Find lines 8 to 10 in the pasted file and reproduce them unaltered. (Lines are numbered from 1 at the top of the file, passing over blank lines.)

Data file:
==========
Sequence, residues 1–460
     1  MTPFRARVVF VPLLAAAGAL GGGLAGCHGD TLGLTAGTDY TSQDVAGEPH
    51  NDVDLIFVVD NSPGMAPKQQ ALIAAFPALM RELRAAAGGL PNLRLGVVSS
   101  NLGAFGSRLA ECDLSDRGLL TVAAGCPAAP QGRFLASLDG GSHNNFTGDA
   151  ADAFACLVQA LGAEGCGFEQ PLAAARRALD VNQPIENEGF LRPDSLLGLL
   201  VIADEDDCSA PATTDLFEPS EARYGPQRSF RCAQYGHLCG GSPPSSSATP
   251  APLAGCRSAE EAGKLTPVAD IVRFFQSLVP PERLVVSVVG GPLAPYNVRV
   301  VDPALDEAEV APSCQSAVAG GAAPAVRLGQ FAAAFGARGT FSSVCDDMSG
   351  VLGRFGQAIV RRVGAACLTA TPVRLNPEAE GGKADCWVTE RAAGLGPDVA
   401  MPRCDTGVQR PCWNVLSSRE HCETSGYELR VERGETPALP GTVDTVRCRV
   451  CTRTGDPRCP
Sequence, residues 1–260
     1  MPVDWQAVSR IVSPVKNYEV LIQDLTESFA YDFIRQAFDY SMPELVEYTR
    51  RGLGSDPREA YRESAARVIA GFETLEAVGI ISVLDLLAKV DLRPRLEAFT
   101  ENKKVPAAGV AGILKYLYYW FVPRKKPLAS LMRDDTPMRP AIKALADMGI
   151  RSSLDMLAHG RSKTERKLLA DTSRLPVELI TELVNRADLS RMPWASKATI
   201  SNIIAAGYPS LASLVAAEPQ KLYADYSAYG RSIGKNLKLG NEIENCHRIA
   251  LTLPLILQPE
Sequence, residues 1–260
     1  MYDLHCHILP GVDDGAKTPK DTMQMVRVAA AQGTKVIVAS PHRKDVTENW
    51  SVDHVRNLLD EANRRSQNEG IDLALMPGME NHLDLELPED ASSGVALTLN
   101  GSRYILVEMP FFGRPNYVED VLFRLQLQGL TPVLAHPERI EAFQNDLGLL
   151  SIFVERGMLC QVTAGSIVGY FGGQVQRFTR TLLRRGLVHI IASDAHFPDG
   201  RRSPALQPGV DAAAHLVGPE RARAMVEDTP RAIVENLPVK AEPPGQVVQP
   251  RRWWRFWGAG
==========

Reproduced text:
   301  VDPALDEAEV APSCQSAVAG GAAPAVRLGQ FAAAFGARGT FSSVCDDMSG
   351  VLGRFGQAIV RRVGAACLTA TPVRLNPEAE GGKADCWVTE RAAGLGPDVA
   401  MPRCDTGVQR PCWNVLSSRE HCETSGYELR VERGETPALP GTVDTVRCRV